It’s been more than 56 years – plus 111 starts for Nico – and yet it was as if it had never been away.
Rosberg’s über-composed maiden Grand Prix win in Shanghai was what Mercedes-Benz in motor sport must be about: domination: shock and awe (Schuey’s radioed reaction to his team-mate’s sizzling time in Q3) plus innovation (that DRS-stalled front wing). That’s why the slinger of the ‘Silver Arrows’ has had to select its top-flight moments so carefully: because domination is difficult to achieve.
The history of Mercedes-Benz in the sport’s elite formula is patchy yet matchless. The stunning effect of its money, men, MO, materials/metallurgy and machines of the 1930s and 1950 forged a brand renowned for its quality and efficiency. Speed and, more usefully for its showroom staff, desirability were byproducts of these motifs.
So deeply seared on the public’s consciousness was this brand that M-B was able to ride its wave for almost 40 years – until Formula 1 started to look towards vast untapped markets. M-B dipped its ‘Concept by’ toe with Sauber in 1993, jumped in up to its waist – and Nigel Mansell’s – with McLaren in 1995, had to wait two years for its first GP win as a supplier of engines, and then further one for its first world titles.
The plunge came, not when it bought 45.1% of Brawn GP – alongside Aabar Investments’ 30% – in November 2009, not even when they went all-in, 60/40, in February 2011, but when the MGP W01 of 2010 was painted silver. Thus it had a lot to live up.
Manfred von Brauchitsch’s bare-metal W25 (above in the French GP) – the car that fletched the nickname – scored a victory on its debut, at the Nürburgring’s Eifelrennen of 1934. With its all-round independent suspension, attention to aerodynamics – faired cowl and headrest, low seating position – and aluminium transaxle with limited-slip diff, this car was the Space Race come early. No matter that it had old hat welded steel water-jackets, or that it blew its charge into its supercharger; no matter that east German rival Auto Union – engine behind the driver, fuel tank between them – was decades ahead of the eventual game, or that it was the first to wear the silver; the shrieking Merc, with almost 150bhp more than the creators of the new 750kg Formula had envisaged, was where it was at.
By 1937, its W125, soothed by supple hydraulic dampers and held in a steadier state by de Dion rear suspension – a basic understeering characteristic with trustworthy 200mph straight-line stability – Mercedes-Benz, sucking not blowing now, had found another 300bhp. My paternal grandfather, an enthusiast who scheduled overseas business trips to happily clash with the second-rank Dieppe GP, was bowled over by them as they blitzed by at Donington Park (below) 50mph faster than he was used to.
It was the same but different by the French GP of July 1954 : stealthier, less boastful; stipulated 2.5 litres unblown rather than deregulated, overblown 5.66. WW2 had reshaped opinion, mores and use of resources, as well as land- and cityscapes, and the silver W196s slid silently from the transporters in Reims’ paddock as spectators gathered agape.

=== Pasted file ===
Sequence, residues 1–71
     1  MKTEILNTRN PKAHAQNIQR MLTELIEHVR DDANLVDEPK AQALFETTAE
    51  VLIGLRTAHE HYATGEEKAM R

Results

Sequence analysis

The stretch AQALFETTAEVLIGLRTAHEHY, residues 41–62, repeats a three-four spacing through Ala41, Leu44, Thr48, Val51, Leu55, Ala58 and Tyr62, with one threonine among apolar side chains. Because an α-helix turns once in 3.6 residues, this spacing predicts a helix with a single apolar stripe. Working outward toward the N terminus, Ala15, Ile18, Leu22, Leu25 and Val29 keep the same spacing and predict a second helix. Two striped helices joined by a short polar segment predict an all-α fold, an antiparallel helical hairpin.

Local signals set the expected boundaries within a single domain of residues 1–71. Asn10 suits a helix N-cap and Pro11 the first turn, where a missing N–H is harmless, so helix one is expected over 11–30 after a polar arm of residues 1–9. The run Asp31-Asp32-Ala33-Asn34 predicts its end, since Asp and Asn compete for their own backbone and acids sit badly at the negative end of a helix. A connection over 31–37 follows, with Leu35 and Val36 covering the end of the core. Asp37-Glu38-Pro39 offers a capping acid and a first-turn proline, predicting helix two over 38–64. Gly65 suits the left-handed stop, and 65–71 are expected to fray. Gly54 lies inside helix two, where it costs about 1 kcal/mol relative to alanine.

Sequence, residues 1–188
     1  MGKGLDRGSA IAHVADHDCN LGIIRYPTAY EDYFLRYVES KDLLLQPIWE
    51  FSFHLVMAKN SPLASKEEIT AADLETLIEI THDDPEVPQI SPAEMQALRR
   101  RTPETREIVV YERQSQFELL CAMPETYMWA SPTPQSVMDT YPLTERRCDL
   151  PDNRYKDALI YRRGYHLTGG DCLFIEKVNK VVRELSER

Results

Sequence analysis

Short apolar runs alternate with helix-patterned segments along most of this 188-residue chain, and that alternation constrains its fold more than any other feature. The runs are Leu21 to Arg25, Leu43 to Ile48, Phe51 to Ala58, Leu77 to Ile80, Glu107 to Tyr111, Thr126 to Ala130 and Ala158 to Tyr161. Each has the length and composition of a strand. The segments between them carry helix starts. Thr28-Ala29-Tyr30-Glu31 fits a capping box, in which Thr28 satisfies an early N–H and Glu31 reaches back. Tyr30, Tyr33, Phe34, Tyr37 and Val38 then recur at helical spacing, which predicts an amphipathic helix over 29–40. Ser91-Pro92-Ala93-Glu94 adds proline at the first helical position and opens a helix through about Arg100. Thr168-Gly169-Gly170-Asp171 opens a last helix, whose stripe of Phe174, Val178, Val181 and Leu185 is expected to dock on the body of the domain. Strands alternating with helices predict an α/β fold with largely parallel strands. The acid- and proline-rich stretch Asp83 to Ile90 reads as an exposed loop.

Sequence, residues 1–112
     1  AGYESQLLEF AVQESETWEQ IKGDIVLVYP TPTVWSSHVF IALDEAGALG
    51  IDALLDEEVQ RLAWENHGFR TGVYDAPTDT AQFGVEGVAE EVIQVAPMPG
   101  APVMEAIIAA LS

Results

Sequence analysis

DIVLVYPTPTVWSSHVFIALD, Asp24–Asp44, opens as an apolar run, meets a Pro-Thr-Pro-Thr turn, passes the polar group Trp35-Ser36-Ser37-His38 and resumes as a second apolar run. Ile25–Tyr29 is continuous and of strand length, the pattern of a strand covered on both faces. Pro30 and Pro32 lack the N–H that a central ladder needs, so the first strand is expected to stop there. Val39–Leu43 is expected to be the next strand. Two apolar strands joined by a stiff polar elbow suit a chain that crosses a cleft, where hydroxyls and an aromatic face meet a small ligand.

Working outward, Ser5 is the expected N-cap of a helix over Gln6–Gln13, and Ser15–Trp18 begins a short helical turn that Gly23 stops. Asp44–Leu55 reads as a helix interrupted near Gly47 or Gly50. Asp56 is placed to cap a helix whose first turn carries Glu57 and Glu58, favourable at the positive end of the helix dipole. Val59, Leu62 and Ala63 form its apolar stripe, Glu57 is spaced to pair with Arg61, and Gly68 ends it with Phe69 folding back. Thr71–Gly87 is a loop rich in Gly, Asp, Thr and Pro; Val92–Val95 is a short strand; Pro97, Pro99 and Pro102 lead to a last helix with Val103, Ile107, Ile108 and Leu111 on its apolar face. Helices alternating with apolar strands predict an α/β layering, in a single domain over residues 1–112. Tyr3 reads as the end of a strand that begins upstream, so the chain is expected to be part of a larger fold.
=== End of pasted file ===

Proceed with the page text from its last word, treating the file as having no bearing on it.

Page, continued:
Again, radical met traditional: direct fuel injection, desmodromic valve-gear, sensational all-enveloping shape; a straight-eight, roller bearings, drum brakes (albeit inboard) and, uh oh, welded steel water-jackets. No matter that it was tricky to drive, or that its svelte body was swiftly ditched in favour of ugly open-wheeled practicality, or that Vittorio Jano’s neater but much-delayed Lancia D50 clearly had the potential to beat it, the over-engineered Merc was where it was at.
At Reims, Juan Manuel Fangio and Karl Kling qualified 1-2, lapped the entire field and finished 1-2, a few feet apart. A demonstration run on the day that a superhuman effort by West Germany – 2-0 down after 10 minutes – upset Hungary’s ‘Magic Magyars’ in the World Cup Final. The German Economic Miracle had its sporting feel-good factors.
But hard work, not propaganda, was top of the agenda this time. As such, Mercedes-Benz could not afford to allow its best technicians to continue to go round in small circles at high speed and so withdrew from F1 after just two seasons. (A decision taken many months before its tragic role in the disaster at the Le Mans 24 Hours.) Anyway, why risk chipping the blue chip?
Its last race was September’s Italian GP at Monza. Its preparation was meticulous to the point of organised panic – combinations of long-, medium- and short-chassis, streamliner and open-wheeler, inboard and outboard brakes – that made little difference to the result: another 1-2 led, from pole, by Fangio. Nothing seemed beyond them. At least that’s how it seemed. Covering for shortcomings, making up for shortfalls, were parts of its genius.
There was to be no win-on-debut for the latest iteration of Mercedes-Benz in F1. That’s no bad thing. Its two seasons of relative struggle have put sufficient distance between it and the team’s Tyrrell/BAR/Honda/Brawn GP bloodline to staunch glib accusations of bought success.
F1 is more competitive today than it has ever been. Just two-tenths separated the advancing top 10 from Q2 in China, and the battle for the second and third steps on the podium was akin to a 1960s Monza ding-dong. Yet Rosberg – the first German to win a World Championship GP for a German manufacturer – was gone. As did Renault’s breakthrough Jean-Pierre Jabouille at Dijon in 1979, he missed a jolly exciting race. On pole by half a second, a jackrabbit start, and 20 seconds down the road by the finish, Nico’s performance was mesmerising. Very Mercedes-Benz. A nod to the past that bodes well for the (near) future.